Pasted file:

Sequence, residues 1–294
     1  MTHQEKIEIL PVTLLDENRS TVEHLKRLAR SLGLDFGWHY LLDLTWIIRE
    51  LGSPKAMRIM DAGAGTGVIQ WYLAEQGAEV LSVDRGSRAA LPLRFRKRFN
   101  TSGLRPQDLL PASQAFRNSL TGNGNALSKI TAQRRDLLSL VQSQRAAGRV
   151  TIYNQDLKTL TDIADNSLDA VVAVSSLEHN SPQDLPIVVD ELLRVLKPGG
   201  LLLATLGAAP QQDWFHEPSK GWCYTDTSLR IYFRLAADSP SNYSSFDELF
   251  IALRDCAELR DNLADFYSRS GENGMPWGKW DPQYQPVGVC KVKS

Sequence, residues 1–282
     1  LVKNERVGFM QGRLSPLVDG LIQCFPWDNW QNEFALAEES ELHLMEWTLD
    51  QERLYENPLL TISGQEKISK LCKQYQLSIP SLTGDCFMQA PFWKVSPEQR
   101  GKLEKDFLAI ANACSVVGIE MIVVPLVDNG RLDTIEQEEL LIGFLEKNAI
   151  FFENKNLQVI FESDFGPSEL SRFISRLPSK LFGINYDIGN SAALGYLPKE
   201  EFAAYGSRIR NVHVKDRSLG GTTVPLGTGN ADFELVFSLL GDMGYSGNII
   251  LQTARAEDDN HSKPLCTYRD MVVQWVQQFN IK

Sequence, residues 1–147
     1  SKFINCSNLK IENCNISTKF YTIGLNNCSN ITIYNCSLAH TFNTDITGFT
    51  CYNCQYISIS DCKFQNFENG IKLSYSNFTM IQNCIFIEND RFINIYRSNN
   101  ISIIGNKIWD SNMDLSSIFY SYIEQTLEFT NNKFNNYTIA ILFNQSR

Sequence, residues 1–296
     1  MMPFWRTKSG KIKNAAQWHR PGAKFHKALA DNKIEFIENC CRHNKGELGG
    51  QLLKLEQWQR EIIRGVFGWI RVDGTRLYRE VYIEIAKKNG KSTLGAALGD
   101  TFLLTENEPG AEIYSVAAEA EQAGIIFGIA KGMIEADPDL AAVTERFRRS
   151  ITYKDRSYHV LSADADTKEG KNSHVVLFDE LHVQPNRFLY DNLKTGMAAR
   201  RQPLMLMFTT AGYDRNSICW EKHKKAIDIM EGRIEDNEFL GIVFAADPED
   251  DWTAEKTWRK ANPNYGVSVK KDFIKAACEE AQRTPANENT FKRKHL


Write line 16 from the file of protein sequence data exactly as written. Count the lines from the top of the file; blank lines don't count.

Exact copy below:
     1  SKFINCSNLK IENCNISTKF YTIGLNNCSN ITIYNCSLAH TFNTDITGFT